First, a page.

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GENERAL GOVERNMENT GROSS DEBT (MAASTRICHT DEFINITION)

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Definition:
General government gross debt according to the convergence criteria set out in the Maastricht Treaty comprises currency, bills and short- term bonds, other short- term loans and other medium- and long- term loans and bonds, defined according to ESA 95.
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Context:
Debt is consolidated within the general government. Financial liabilities such as trade credits extended to the government are not included. Debt is valued at nominal value (face value).

Index-linked debt is valued at its face value adjusted by the index-related capital uplift accrued to the end of the year. Gross debt according to the Maastricht criterion differs from the SNA based general government gross financial liabilities concept of the OECD in essentially two respects.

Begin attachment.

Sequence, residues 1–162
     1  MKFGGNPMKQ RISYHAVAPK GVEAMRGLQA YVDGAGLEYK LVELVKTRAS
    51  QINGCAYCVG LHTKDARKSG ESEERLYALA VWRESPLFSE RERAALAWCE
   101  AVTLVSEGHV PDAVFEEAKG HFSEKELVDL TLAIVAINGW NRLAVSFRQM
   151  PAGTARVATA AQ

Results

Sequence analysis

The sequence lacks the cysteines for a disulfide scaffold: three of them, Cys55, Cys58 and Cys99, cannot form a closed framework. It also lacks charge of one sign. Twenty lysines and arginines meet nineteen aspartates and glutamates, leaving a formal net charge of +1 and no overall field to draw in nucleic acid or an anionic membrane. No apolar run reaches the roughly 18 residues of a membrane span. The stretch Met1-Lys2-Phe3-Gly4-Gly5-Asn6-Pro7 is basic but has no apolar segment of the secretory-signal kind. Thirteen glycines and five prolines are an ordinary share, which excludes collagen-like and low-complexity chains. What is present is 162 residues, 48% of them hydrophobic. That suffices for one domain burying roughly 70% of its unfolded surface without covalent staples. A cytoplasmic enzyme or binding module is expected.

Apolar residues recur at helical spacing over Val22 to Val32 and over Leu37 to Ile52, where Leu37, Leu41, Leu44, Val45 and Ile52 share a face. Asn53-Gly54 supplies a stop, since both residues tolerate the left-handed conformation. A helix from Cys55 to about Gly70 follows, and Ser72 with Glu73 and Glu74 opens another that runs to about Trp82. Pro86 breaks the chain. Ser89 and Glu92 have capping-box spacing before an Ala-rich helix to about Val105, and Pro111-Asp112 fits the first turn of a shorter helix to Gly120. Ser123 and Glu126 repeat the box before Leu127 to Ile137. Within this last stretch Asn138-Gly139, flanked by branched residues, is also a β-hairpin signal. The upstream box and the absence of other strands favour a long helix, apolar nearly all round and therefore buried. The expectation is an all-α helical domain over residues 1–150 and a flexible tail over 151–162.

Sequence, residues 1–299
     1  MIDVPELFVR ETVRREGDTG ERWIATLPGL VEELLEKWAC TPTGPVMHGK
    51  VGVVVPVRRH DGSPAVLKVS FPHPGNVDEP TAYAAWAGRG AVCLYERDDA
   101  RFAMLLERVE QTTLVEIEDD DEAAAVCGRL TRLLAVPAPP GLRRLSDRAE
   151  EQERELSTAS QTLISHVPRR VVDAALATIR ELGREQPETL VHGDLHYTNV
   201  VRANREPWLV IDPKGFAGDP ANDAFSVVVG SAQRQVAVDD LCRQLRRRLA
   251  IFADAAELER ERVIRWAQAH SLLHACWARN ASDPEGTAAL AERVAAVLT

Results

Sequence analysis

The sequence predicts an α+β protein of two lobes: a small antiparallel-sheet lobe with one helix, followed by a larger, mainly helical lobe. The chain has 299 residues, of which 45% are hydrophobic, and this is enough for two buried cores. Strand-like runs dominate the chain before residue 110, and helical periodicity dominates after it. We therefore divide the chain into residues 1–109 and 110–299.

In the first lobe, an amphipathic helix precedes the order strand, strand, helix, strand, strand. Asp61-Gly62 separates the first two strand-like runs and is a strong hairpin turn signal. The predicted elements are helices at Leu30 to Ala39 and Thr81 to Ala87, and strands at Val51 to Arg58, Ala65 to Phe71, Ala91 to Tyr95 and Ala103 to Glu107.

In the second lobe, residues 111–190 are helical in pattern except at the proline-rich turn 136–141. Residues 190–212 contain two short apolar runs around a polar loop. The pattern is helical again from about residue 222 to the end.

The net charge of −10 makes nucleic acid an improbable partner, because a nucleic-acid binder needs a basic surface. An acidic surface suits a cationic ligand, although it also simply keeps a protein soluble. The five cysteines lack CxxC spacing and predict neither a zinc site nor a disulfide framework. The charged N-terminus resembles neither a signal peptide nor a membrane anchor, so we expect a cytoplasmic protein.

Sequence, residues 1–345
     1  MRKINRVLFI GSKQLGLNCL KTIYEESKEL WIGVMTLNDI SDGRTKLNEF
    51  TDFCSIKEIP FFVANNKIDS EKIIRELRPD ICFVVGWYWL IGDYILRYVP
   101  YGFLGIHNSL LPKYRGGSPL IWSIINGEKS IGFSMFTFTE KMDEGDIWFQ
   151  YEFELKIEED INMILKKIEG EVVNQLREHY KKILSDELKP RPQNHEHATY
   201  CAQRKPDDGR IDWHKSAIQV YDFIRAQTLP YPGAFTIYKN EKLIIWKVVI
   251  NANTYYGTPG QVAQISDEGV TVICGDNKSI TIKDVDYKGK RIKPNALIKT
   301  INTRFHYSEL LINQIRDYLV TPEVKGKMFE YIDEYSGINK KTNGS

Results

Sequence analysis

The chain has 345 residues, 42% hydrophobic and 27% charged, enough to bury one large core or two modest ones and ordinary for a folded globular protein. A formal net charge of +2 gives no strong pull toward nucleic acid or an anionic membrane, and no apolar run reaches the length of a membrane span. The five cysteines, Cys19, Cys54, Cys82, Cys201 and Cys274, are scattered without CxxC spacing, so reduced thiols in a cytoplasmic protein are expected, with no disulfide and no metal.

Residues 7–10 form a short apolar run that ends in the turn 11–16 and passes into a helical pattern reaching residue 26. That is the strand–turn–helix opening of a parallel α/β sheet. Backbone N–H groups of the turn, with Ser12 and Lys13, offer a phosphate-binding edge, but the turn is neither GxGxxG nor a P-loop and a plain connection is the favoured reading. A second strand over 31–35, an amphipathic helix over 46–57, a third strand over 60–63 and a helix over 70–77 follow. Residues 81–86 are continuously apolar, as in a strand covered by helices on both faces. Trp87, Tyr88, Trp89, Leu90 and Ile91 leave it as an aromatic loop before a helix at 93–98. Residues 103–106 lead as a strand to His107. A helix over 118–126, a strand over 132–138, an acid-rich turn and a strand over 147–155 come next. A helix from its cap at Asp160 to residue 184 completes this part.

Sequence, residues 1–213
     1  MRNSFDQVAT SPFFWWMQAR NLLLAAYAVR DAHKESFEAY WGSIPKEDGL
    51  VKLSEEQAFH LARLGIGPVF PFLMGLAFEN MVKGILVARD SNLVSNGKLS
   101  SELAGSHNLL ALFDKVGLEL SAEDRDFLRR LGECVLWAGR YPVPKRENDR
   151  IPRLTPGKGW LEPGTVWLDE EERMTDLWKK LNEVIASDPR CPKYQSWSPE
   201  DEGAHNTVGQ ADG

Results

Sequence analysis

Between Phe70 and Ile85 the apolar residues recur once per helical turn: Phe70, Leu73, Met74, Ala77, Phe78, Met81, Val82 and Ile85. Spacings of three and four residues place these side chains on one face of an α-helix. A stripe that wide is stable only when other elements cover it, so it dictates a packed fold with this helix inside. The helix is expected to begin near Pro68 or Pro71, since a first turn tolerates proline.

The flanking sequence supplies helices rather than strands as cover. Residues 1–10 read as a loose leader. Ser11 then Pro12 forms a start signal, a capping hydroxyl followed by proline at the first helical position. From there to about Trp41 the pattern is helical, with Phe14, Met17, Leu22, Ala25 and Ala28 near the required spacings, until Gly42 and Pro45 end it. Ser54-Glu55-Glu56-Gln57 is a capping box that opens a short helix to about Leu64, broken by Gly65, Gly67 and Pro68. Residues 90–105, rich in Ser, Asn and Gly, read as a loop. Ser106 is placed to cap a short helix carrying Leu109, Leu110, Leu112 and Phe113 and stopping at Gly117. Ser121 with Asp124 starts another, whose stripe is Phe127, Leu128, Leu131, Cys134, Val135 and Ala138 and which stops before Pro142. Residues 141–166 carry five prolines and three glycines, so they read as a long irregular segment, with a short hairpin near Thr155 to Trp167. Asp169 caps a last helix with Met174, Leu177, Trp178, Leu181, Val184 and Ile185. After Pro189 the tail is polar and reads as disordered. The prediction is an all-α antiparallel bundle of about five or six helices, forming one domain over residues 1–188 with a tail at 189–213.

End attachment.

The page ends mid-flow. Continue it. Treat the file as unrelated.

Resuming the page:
First, gross debt according to the Maastricht criterion does not include, in the terminology of the SNA, trade credits and advances.

Second, there is a difference in valuation methodology in that government bonds are to be valued at nominal values according to the Maastricht definition, but at market value or at issue price plus accrued interest according to SNA rules.

Source Publication:
The OECD Economic Outlook: Sources and Methods.

Cross References:
ESA 1995

Hyperlink:
http://www.oecd.org/eco/outlook/sources-and-methods.htm

Statistical Theme: Financial statistics

Created on Tuesday, September 25, 2001

Last updated on Friday, March 28, 2014